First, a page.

Taming the Panda: Using Visitor Value to Climb Google

Sarah McInerney

Head of Content

Sarah has almost three decades of experience in crafting compelling, engaging content specifically designed to boost sales and enhance brand loyalty. She’s also an expert in developing unique tone of voice that helps brands connect with their audiences. Her marketing and client service background has given Sarah a natural understanding of how to write content that makes readers take action. Whether it’s signing up to a mailing list, making an enquiry or donation or clicking the buy button, Sarah knows precisely how to convert with words. Pen down, Sarah is a proud member of the Essex Wildlife Trust and spends most of her free time enjoying inspiring walks through her local woodland and nature reserves, admiring everything that flaps, flutters and flowers.

When you’re searching for something online, it can get incredibly frustrating if every time you click on what looks like a useful result, you come face to face with totally irrelevant information, English that’s so bad it makes you wince, and a sales script that scrolls on for eternity. Or information that hasn’t been updated since the last Olympics. Oh, and a page of nothing but adverts, sprinkled between rows of words that don’t make a bit of sense when assembled into a sentence.

And it’s this bad visitor journey that’s behind Google’s latest update: Google Panda.

Google Panda is on the website visitor’s side. Google is determined to deliver good search results to those who are kind enough to be patrons of its service. Happy days for us surfers. But for website owners, it could have – and has had – devastating consequences.

Panda was rolled out in America in February of this year. And pretty much instantly, several very high profile organisations stood agape as their rankings took a dizzying nose dive. No one was immune; including the mighty Microsoft’s shopping comparison site Ciao – their ranking dropped by almost 94%. Even pillars of community like the British Medical Journal and Computer Weekly took a hit and ‘content farm’ sites like Ehow and Mahalo became victims of the cull.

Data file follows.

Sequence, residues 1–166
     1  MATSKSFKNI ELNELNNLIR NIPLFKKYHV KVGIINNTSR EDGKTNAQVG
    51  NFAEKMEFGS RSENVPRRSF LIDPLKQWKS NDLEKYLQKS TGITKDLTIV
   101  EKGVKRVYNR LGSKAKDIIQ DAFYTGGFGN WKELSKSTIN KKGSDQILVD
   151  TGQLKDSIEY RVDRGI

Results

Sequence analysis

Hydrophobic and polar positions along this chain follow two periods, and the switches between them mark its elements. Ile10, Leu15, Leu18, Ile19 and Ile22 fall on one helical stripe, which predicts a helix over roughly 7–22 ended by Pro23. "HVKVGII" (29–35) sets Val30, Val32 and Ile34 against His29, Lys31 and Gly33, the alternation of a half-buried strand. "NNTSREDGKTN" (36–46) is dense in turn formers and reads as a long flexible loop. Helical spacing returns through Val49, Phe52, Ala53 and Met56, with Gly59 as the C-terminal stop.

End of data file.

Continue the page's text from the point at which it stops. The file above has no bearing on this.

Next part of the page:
For some sites though, the update paid dividends. News sites The Mirror and The Independent benefited greatly, as did eBay UK and This is Money.

So what’s it all about?

Google is penalising sites that contravene its strategy to make everyone search happy and backing sites that deliver visitor value. By demoting websites with copied content, copy that doesn’t deliver good value or information that’s irrelevant or out of date, Google aims to ensure its visitors get to see the best sites at the top of their search results. And we all know that if it’s not found by page two, it’s just not found. In fact, only 1% of searchers go beyond the second page.

So, your mission, if you choose to accept it, is to make your website content quality content. Content that people stick around to read, because that’s another factor Google uses in its ranking calculations.

Want to stay on the right side of the Panda? Some tips:

  • DON’T EVER copy content from anywhere else on the web. Apart from being illegal, it’s going to hurt your site, badly.
  • DO make sure your content is completely free from grammar and spelling mistakes. Not only can schoolboy errors lose you sales because readers lose trust in your integrity, professionalism points are also deducted for poor quality in communication.
  • RUN an ‘is it useful?’ check through your copy. If you can say ‘so what?’ after any sentence, ditch it.
  • KEEP your content up to date. Make sure your last blog or news post wasn’t more than a month ago. Have you noticed how Google orders its results in a ‘most recent’ chart? Old news is of no interest and some searchers refine their results so they only get the most up to date listings.
  • MAKE your site useful to visitors. It needs to be ‘sticky’ so people stay, recommend, and return. Make it a hub of useful info – add resources like guides and reports, a blog, case studies. Anything to inspire ongoing interest and recommendations.

Google Panda has hurt many websites, and it takes no prisoners. International plc or sole trader, if your website isn’t delivering visitor value, it’s going to become an endangered species.

Talk to us if you want to make your website Panda friendly. Quality content and sticky sites are what we do.

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